Mihku Paul

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Mihku Paul visiting the University of New Hampshire.

Mihku Paul (born 1958),[1] is a Native American poet, visual artist, and storyteller. She is a Maliseet Indian, a member of Kingsclear First Nation in New Brunswick, Canada. Mihku Paul currently resides in Portland, Maine.[2]

Early Life and Education[edit]

Raised in Old Town, Maine, Paul received a traditional education from her grandfather, a Maliseet elder. She was the only one of the four children in her family to complete high school, after which she earned a BA in Human Development and Communication from the University of Southern Maine. Paul then attended the Stonecoast MFA Program in Creative Writing at the University of Southern Maine in Portland, Maine. She has taught creative writing at the University of New England. Like many other contemporary Wabanaki artists, she is also involved in community education.[3]

Published Works[edit]

Mihku Paul's first chapbook, 20th Century PowWow Playland, was published by Bowman Books in Greenfield, New York in 2012.[4] The poems describe Maliseet homeland, also known as Wolastoqiyik,[5] and Paul's own thoughts on the rights and continuation of indigenous people in the northeast. A number of poems also address Paul's dissatisfaction with the education she received in the Maine public school system.

Mihku Paul has also been published in magazines including Cabildo Quarterly Online.[6]

Visual arts[edit]

Mihku Paul combines her poetry with visual art, creating works in pen and ink, watercolor, gouache, and mixed media. Paul's first multi-media exhibit was a 2009 installation at the Abbe Museum in Bar Harbor, Maine, entitled "Look Twice: The Waponahki in Image & Verse.” Her medicine wheel paintings have been auctioned off for fundraising to support arts in the schools and by the Sierra Club to support local and regional projects.[7]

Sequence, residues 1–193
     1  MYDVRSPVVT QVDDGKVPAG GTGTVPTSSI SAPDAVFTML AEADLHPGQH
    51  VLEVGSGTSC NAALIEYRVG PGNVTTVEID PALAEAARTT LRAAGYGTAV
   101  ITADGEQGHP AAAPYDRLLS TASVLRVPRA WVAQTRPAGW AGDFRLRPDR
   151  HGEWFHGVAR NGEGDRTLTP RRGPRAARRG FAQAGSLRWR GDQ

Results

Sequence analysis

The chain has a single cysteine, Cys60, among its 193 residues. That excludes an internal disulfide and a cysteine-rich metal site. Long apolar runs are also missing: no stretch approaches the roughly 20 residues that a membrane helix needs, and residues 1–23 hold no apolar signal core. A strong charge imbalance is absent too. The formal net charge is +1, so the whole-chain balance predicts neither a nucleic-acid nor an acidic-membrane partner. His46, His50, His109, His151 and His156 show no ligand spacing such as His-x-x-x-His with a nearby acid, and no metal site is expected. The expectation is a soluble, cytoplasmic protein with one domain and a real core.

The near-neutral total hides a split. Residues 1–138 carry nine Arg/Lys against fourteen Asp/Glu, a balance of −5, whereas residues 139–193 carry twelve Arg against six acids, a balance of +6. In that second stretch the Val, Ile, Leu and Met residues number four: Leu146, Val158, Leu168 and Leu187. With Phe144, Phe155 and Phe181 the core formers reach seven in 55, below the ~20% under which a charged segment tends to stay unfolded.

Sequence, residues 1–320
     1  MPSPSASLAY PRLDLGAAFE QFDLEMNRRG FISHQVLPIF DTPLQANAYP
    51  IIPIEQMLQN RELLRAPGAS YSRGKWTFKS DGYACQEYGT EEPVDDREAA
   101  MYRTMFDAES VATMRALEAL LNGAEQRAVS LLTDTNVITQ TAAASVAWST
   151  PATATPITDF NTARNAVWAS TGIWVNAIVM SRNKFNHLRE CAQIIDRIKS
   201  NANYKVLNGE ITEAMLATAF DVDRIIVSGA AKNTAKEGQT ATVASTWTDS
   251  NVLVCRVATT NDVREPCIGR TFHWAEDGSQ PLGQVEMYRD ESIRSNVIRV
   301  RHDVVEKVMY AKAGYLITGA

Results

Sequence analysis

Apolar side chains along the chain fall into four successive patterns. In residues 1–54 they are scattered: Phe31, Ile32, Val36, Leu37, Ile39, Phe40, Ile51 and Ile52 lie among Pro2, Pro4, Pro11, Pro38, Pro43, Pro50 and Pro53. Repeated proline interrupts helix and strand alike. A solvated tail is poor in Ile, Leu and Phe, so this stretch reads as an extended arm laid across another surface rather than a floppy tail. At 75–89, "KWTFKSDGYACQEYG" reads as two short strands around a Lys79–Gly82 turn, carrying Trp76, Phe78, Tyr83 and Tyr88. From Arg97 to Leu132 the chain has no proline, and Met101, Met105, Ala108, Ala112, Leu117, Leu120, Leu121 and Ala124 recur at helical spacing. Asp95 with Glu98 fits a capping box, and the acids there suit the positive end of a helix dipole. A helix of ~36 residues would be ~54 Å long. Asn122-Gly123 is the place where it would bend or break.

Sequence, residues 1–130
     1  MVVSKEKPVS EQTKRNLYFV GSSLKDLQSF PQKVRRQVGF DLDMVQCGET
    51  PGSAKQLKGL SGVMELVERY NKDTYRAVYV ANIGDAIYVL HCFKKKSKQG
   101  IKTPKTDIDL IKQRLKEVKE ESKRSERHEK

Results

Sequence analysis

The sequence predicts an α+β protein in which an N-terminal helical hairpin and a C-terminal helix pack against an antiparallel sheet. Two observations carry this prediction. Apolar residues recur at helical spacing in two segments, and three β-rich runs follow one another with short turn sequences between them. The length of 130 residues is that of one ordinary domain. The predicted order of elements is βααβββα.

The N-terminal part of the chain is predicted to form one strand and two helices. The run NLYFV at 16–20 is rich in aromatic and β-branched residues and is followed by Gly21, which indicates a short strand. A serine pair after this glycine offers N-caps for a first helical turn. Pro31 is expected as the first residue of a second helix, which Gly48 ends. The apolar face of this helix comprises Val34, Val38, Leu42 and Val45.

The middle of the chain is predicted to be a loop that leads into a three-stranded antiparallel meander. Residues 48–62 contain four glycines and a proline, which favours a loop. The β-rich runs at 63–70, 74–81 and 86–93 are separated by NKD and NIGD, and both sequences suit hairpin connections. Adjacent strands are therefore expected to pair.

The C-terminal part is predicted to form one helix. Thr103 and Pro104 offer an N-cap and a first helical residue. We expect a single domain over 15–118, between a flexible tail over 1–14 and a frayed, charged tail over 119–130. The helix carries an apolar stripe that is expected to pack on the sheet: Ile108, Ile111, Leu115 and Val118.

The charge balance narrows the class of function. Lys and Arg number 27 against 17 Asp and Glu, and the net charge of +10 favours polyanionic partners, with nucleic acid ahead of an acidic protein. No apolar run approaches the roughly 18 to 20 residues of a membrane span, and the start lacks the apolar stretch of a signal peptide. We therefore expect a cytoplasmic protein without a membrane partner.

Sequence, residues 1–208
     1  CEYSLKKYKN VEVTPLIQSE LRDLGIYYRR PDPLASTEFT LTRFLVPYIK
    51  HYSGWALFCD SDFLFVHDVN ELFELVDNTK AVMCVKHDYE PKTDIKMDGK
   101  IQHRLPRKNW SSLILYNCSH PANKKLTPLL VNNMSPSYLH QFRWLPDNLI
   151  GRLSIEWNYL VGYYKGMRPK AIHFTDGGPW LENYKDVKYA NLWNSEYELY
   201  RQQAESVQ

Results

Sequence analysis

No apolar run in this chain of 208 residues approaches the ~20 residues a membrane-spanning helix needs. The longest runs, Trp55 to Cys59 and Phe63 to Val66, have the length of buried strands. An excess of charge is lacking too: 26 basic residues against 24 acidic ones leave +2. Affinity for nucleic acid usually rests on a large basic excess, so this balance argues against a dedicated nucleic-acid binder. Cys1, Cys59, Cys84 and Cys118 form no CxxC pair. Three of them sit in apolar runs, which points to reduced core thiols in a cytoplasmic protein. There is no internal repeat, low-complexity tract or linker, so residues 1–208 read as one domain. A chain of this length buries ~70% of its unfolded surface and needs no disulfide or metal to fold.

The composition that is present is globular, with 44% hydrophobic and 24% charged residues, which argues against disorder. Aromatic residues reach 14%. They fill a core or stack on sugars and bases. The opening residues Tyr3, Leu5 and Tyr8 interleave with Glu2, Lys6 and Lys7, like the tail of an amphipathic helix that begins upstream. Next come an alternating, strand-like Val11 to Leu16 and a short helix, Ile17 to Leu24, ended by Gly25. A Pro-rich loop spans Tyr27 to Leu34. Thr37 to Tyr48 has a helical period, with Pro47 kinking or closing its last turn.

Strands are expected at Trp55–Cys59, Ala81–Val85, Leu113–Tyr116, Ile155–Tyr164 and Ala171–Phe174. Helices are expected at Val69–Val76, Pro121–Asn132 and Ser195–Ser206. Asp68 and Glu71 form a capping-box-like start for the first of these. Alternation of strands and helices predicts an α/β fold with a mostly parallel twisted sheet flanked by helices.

1. ^ New Brunswick Literary Encyclopedia, NEW BRUNSWICK LITERARY ENCYCLOPEDIA. "NEW BRUNSWICK LITERARY ENCYCLOPEDIA". Paul Mihku. St. Thomas University. Retrieved April 6, 2013. 
  2. ^ Senier, Siobhan (Spring 2012). "Rethinking Recognition: Mi'kmaq and Maliseet Poets Rewrite Land and Community". MELUS: Multi-Ethnic Literature of the United States 37 (1): 15–34. 
  3. ^ Panepinto, Lisa. "river pine anthology of civic discourse". Renewing Images: Mihku Paul Interview. river pine anthology of civic discourse. Retrieved April 6, 2013. 
  4. ^ Paul, Mihku (2012). 20th Century PowWow Playland. Greenfield Center, New York: Bowman Books. ISBN 978-1-105-78610-5. 
  5. ^ Teeter, Karl. "Tales From Maliseet Country". Tales From Maliseet Country. University of Nebraska. Retrieved April 6, 2013. 
  6. ^ Paul, Mihku (May 22, 2013). "Born, and Then Again". Cabildo Quarterly Online. Retrieved 18 March 2014. 
  7. ^ Museum, Abbe. "Look Twice Evokes New Thoughts About History". ABBE MUSEUM The mission of the Abbe Museum is to inspire new learning about the Wabanaki Nations... Abbe Museum. Retrieved April 4, 2013. 

External links[edit]